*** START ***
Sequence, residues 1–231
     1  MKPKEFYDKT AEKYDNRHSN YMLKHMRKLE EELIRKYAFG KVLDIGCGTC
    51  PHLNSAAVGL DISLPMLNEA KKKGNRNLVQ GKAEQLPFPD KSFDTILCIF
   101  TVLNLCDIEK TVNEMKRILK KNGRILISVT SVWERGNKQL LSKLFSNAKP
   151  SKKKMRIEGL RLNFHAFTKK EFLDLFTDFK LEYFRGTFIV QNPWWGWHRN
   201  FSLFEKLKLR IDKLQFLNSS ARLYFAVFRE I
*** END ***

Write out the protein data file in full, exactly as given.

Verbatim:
Sequence, residues 1–231
     1  MKPKEFYDKT AEKYDNRHSN YMLKHMRKLE EELIRKYAFG KVLDIGCGTC
    51  PHLNSAAVGL DISLPMLNEA KKKGNRNLVQ GKAEQLPFPD KSFDTILCIF
   101  TVLNLCDIEK TVNEMKRILK KNGRILISVT SVWERGNKQL LSKLFSNAKP
   151  SKKKMRIEGL RLNFHAFTKK EFLDLFTDFK LEYFRGTFIV QNPWWGWHRN
   201  FSLFEKLKLR IDKLQFLNSS ARLYFAVFRE I